The most electrifying and excruciating moment in class was the Hamlet unit. Shapiro drilled in his point for Hamlet: that each Shakespeare play is bursting with limitless possibility, that the execution of one line — one word in one line — can have significant reverberations for character and plot, that the decisions a director makes on stage are what make the play. While reading Hamlet, then, we tried to envision the impossible number of Hamlets contained in the play. Wussy Hamlet, vengeful Hamlet, noble Hamlet. Hamlet who loves his mother. Hamlet in love with his mother. Hamlet with an overactive imagination. Hamlet gone mad by betrayal. Hamlet the academic, Hamlet the boy, Hamlet the man. An ending gone sinister. An ending gone peaceful. It was overwhelming: there was no “right answer,” there was no one Hamlet.

All this Hamlet talk led to quite a bit of Hamlet memorization.

So you can’t imagine how delighted I was when, reading Ian McEwan’s Nutshell, I realized the entire book was littered with little variations on Shakespeare’s plays. McEwan’s book is unabashedly clever. Narrated by an unborn fetus made privy to his mother’s and his uncle’s schemes to kill his father, the very premise is clearly a spin on Hamlet. Take the characters’ names: his mother, Trudy (Gertrude) and his uncle, Claude (Claudius). Claude orders Danish food after he kills his brother.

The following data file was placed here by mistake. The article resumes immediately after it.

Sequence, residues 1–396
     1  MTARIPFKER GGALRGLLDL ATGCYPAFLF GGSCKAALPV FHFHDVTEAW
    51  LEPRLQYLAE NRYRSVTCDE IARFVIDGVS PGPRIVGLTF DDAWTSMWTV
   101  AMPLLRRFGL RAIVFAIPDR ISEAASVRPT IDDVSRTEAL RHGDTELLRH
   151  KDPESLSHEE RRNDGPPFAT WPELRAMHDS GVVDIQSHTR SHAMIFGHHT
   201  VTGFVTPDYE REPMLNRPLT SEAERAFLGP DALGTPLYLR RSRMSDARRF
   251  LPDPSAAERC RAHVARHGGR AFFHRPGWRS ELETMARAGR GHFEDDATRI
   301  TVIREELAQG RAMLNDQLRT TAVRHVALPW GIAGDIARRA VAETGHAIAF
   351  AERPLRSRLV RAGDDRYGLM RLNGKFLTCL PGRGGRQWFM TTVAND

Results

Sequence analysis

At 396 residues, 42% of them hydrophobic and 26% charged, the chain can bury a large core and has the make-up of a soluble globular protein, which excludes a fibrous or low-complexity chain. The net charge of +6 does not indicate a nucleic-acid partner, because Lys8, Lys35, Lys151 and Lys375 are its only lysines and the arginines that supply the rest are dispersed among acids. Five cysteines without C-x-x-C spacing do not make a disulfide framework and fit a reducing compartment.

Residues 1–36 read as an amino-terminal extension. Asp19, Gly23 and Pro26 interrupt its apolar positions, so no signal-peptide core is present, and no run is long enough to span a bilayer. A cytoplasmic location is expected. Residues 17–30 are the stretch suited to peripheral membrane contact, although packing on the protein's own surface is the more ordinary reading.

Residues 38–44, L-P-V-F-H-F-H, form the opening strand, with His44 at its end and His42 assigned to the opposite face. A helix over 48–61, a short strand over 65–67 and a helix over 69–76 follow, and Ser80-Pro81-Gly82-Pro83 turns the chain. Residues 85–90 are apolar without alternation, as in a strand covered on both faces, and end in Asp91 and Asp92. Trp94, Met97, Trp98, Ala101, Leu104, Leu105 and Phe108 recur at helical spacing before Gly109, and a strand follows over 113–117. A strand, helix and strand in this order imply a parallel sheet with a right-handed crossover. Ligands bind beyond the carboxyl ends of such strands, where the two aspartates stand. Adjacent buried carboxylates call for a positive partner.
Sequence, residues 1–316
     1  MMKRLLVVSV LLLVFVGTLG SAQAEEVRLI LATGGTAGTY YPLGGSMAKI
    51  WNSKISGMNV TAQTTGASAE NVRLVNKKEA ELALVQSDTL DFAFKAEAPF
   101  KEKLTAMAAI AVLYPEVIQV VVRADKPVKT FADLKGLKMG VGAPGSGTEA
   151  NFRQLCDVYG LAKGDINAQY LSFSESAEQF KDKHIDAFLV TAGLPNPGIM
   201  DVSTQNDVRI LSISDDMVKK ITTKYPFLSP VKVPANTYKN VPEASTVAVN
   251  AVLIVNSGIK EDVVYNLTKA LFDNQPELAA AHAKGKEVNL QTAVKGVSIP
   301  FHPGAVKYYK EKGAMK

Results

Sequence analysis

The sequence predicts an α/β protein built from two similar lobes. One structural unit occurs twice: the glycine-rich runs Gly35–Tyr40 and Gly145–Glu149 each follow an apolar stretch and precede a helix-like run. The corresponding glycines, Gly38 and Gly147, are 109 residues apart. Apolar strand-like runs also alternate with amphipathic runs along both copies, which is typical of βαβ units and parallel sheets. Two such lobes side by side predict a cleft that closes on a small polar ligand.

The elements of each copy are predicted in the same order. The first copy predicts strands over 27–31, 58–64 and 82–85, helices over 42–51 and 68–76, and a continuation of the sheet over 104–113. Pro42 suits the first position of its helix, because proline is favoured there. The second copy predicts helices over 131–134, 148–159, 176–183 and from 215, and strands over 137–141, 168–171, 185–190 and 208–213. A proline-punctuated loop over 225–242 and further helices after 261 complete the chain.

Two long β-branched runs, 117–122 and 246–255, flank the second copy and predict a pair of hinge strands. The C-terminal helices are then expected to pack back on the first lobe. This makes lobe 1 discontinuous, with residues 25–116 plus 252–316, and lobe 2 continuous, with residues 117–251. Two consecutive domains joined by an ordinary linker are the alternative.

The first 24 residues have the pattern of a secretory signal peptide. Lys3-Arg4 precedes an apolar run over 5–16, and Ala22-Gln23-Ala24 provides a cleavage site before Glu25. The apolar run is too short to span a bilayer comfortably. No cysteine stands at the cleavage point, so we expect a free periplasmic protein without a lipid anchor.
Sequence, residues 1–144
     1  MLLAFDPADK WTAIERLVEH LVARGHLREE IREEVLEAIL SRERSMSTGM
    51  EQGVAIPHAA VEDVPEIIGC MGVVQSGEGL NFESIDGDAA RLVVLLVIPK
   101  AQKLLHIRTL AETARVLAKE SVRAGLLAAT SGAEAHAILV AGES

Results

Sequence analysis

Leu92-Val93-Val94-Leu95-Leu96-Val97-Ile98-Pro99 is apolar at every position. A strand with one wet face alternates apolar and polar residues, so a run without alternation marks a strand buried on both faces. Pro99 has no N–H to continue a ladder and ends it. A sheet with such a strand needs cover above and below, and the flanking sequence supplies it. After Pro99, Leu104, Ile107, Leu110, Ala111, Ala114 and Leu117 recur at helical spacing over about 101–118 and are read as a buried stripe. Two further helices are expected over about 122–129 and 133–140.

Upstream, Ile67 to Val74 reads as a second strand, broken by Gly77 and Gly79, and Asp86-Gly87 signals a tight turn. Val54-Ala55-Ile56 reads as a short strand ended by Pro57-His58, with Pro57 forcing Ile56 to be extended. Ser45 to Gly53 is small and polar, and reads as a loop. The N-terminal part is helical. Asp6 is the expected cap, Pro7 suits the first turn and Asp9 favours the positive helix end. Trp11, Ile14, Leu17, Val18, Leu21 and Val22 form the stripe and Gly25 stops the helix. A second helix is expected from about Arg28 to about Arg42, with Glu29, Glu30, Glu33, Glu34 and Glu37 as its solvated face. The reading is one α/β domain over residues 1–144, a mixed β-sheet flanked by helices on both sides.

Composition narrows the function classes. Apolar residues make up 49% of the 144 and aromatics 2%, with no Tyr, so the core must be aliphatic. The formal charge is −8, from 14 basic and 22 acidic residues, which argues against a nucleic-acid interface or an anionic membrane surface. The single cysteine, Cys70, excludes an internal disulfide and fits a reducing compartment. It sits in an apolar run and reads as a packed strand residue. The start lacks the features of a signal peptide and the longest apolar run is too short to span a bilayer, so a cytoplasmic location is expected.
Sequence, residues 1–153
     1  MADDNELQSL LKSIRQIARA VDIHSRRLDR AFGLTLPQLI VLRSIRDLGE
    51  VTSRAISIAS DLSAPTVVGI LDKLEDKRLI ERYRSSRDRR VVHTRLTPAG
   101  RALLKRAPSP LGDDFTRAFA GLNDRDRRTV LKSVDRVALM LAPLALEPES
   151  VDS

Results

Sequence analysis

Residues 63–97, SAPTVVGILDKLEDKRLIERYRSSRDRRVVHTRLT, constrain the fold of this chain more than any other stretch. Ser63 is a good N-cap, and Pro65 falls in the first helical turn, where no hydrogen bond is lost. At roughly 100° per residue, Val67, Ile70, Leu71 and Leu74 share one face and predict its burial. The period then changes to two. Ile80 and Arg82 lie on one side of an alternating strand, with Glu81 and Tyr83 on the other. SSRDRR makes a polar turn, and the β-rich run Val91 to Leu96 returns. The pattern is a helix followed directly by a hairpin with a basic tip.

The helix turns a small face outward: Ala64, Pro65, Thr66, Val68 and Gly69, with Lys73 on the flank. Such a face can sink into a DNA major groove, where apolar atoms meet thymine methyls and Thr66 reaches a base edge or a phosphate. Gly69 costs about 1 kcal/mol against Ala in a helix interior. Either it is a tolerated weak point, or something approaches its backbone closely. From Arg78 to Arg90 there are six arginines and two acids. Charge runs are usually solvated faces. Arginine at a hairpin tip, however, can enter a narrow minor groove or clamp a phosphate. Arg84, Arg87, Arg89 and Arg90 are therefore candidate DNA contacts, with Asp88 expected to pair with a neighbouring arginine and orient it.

Of course, there’s more to this book than allusion. But for an English major, catching allusions in words of literature is akin to catching coins in Mario. Who cares, in the end, if no one is keeping track but me. After finishing this book, I wanted to award myself a Level Up and stomp around like Big Mario after eating a mushroom. Reading this book was an utter blast. First, there’s the title, an obvious reference to a Hamlet soliloquy: “Oh God, I could be bounded in a nutshell and count myself a king of infinite space – were it not that I have bad dreams.” Or, when Claude, the fetus’s unimaginably dense uncle, says, “So we’ll stick our courage to the screwing whatever,” a botching of Lady Macbeth’s “Screw your courage to the sticking place” — my favorite motivational line, spoken by a true snake 🐍..  I don’t even care if the Shakespeare references were overdone or heavy handed. I was too busy playing “gotta catch ’em all” to be critical on the art as a whole.